Lammy brands racial injustice in youth prisons a “national scandal”

Elliot Chappell

David Lammy has described figures showing that more than half of all young people in custody are from a Black, Asian or ethnic minority background a “national scandal” and said the government must “finally act like Black lives matter”.

Responding to the release of annual government youth justice statistics today, Lammy highlighted that while the data shows people from a BAME background make up 51% of those in custody, they make up just 14% of the UK population.

The numbers published this afternoon revealed that an increasing proportion of people in custody are from a BAME background, up from 49% in 2019 and almost doubling in the ten years since the Conservatives came to power from 28% in 2010.

Commenting on the figures, the Shadow Justice Secretary declared: “It is a national scandal that more than half of young people locked up are from a Black, Asian or ethnic minority background.

“The Conservative government urgently needs to implement the recommendations in the Lammy review it has so far ignored, as well as going further to recognise the scale of racial injustice in youth prisons.”

The review carried out by the Labour justice spokesperson in 2017 examined racism in the justice system. The report provided ministers with 35 recommendations, most of which have not been implemented by the government.

The Shadow Justice Secretary added today: “Instead of denying the reality of structural racism, it is time for the government to finally act like Black lives matter.”

Lammy set out Labour’s plans for criminal justice reform at the online ‘Connected’ conference last year, voicing the party’s commitment to renationalising probation, addressing racial and gender inequality and improving diversity.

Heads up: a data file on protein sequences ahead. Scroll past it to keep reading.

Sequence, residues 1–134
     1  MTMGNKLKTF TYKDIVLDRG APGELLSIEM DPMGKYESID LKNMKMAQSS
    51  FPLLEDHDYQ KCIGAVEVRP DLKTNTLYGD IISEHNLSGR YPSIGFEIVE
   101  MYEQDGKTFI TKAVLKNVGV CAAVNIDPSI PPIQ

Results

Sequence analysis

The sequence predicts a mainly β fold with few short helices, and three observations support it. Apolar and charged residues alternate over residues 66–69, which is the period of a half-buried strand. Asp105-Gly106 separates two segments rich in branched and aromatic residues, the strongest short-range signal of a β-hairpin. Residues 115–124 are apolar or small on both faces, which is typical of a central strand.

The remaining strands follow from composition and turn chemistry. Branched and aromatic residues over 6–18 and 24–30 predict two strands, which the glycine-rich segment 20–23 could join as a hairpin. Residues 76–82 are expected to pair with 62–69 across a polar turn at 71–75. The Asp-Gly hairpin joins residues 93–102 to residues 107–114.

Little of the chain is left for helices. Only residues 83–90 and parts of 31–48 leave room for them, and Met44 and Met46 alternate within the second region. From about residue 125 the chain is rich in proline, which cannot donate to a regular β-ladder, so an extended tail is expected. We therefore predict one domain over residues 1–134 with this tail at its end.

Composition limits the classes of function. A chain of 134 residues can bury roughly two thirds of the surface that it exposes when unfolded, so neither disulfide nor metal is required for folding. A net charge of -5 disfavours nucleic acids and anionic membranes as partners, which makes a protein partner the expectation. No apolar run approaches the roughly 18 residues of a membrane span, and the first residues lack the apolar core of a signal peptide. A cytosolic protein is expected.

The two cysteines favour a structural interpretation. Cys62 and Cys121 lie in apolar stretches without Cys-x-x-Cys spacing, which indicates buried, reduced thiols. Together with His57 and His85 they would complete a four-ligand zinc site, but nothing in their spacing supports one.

Labour also highlighted today that racial disproportionality is getting worse on a range of other measures as well, with Black children cautioned or sentenced having doubled since the year ending March 2010 from 6% to 12%.

Over a third (36%) of all remand episodes involved BAME children. This figure increases to 49% for remands to youth detention accommodation, with 29% of remands to youth detention accommodation given to Black children.

Government figures also showed that the proportion of all occasions in which Black children were sentenced for indictable offences has increased from 14% to 22% over the past five years.

Children from a mixed ethnic background accounted for 9% of those receiving a caution or sentence in the latest year, which is more than twice the 4% figure reported by the government in 2010.

The comments from Lammy this afternoon follow those of minister for women and equalities Liz Truss last month, who claimed the debate on equality was being led by “fashion” and accused politicians of making “evidence-free” criticisms.

Truss argued that data based on protected characteristics set out under the Equalities Act is not fit for purpose and said that debates on equality must be “rooted” in “real concerns people face”.

The nine protected characteristics defined in the legislation are age, disability, gender reassignment, marriage and civil partnership, pregnancy and maternity, race, religion or belief, sex and sexual orientation.

The government minister claimed that the debate is too often “dominated by a small number of unrepresentative voices, and by those who believe people are defined by their protected characteristic and not by their individual character”.

Shadow Women and Equalities Secretary Marsha de Cordova described her comments as “gratuitous provocation from a government that consistently refuses to face up to its responsibilities and the widening inequality it has caused”.

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